50 g (0.505 mole) of phosgene were condensed in 700 ml of chlorobenzene at 0° to -10° C. A solution heated to 60° C. of 61 g (0.5 mole) of 2,4-diaminotoluene in 500 ml of chlorobenzene was added dropwise with vigorous stirring over a period of 20 minutes at an internal temperature rising from -5° to 19° C. After stirring for another 15 minutes at 20° C., a white heterogeneous reaction mixture was obtained. 500 g (0.25 mole) of the polypropylene glycol of Example 2 were then added with stirring at 20° C., followed by heating to an internal temperature of 120° C. After 90 minutes, the reaction mixture was yellow in color and was then heated for another 3 hours, during which there was a moderate evolution of gas. Residual gas was removed from the reaction mixture by a stream of nitrogen. The progress of the reaction was followed by IR-spectroscopy on the basis of the increase in intensity of the urethane band at 1722 cm-1 and the reduction in intensity of a band associated with the ##STR1## -group at 1775 cm-1. Thereafter the reaction mixture was cooled again and another 350 g (3.54 moles) of phosgene were incorporated by condensation at -5° to 0° C. On heating to 125° C., there was an evolution of gas beyond 60° C. At the same time, a gentle stream of phosgene was introduced into the reaction vessel. Dissolution occurred towards the end of the reaction. Excess phosgene and solvent were removed in the same way as in Example 5. 551 g of a slightly clouded, brown liquid having a viscosity of 6500 mPa.s/23° C. and an NCO-content of 3.8% were obtained.
A mixture of 6.1 g (0.15 mole) of sodium hydroxide, 50 ml of water and 60 ml of acetone was initially introduced into the reaction vessel. 99 g of the NCO-prepolymer of Example 5 having an NCO-content of 4.3% (0.1 mole) were then added over a period of 10 minutes with intensive stirring and cooling with an ice bath so that the internal temperature did not rise above 25° C. On completion of the addition, the mixture was stirred for 15 minutes at 20° C. and then heated for 1 hour to 80° C. On cooling, the reaction mixture separated into two phases. The lower phase contained most of the salt and was discarded. The upper phase was separated off, water and acetone were distilled off at 100° C./20-1 mbar and the dark brown residue was filtered. The residue was an oligomeric polyamine having a viscosity at 25° C. of 9900 mPa.s, an NH-number of 39.6 (mg of KOH/g) and a primary amine nitrogen content of 0.99%.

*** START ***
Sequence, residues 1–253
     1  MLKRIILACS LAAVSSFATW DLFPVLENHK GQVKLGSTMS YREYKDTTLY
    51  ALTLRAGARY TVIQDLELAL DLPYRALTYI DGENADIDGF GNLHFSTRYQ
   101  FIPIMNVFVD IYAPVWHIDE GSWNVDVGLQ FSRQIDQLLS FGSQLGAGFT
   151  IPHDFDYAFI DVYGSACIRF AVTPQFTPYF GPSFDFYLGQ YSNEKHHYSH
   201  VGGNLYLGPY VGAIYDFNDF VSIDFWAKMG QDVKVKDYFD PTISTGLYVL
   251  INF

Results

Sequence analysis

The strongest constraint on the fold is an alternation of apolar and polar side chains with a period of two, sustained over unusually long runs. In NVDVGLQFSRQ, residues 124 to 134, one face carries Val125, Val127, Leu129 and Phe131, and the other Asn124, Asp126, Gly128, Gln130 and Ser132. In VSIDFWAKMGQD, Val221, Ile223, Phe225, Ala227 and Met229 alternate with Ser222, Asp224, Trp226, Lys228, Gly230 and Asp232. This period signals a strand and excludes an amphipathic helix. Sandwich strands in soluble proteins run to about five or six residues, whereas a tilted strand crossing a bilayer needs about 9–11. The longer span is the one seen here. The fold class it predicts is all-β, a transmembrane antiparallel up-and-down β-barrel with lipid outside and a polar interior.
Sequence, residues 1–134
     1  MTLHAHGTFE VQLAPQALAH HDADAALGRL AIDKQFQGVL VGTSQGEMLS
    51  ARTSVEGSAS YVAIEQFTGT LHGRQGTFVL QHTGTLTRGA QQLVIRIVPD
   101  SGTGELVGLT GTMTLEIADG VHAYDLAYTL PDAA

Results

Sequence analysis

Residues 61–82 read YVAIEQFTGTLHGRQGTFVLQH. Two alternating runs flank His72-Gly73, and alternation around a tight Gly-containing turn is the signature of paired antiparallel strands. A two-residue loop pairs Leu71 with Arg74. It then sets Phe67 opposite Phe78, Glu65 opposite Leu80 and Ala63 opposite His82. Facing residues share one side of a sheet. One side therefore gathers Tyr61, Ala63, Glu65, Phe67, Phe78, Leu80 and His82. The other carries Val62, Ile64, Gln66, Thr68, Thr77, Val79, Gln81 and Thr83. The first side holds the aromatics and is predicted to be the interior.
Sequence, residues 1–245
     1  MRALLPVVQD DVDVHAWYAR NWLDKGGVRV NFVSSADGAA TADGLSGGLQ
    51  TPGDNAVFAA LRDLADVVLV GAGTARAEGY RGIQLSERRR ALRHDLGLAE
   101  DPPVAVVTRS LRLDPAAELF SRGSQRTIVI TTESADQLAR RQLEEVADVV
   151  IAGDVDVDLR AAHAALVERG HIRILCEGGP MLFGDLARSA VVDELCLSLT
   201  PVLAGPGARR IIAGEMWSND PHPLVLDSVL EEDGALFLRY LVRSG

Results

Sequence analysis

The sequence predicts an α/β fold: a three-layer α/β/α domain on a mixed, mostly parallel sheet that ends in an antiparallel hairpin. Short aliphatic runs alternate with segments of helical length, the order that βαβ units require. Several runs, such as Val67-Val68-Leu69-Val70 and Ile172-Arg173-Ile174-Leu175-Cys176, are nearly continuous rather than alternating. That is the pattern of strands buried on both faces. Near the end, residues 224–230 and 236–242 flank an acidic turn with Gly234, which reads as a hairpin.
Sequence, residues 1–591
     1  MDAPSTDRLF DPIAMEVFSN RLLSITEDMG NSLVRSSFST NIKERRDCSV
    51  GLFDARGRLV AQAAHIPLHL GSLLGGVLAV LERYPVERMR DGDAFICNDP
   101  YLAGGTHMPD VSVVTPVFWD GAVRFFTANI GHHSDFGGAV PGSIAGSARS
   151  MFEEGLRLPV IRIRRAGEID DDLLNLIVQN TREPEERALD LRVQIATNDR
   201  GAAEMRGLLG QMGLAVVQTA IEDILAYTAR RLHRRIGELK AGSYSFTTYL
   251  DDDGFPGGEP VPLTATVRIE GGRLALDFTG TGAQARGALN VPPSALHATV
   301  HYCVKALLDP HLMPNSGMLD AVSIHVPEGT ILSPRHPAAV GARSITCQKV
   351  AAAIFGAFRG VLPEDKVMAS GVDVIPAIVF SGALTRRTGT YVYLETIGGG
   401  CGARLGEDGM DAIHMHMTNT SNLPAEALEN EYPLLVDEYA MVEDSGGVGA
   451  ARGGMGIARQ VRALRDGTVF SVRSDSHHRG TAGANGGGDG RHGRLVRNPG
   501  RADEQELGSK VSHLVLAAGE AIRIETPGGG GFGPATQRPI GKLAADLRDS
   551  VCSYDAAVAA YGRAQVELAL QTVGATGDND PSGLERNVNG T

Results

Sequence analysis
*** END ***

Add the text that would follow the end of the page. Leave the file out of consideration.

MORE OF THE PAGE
Although the invention has been described in detail in the foregoing for the purpose of illustration, it is to be understood that such detail is solely for that purpose and that variations can be made therein by those skilled in the art without departing from the spirit and scope of the invention except as it may be limited by the claims.
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|U.S. Classification||528/288, 560/158, 560/24, 560/159, 560/157, 525/439, 528/372, 560/25|
|International Classification||C08G18/70, C07C263/10, C08G71/04, C08G18/72, C07C271/06, C07C265/14, C08G18/32, C08G18/30|
|Cooperative Classification||C08G18/302, C08G71/04, C08G18/72, C07C263/10|
|European Classification||C07C263/10, C08G71/04, C08G18/30D, C08G18/72|
|Feb 10, 1984||AS||Assignment|
Owner name: BAYER AKTIENGESELLSCHAFT LEVERKUSEN GERMANY A GERM
Free format text: ASSIGNMENT OF ASSIGNORS INTEREST.;ASSIGNOR:RASSHOFER, WERNER;REEL/FRAME:004229/0712
Effective date: 19840127
|Oct 25, 1988||REMI||Maintenance fee reminder mailed|
|Mar 26, 1989||LAPS||Lapse for failure to pay maintenance fees|
|Jun 13, 1989||FP||Expired due to failure to pay maintenance fee|
Effective date: 19890326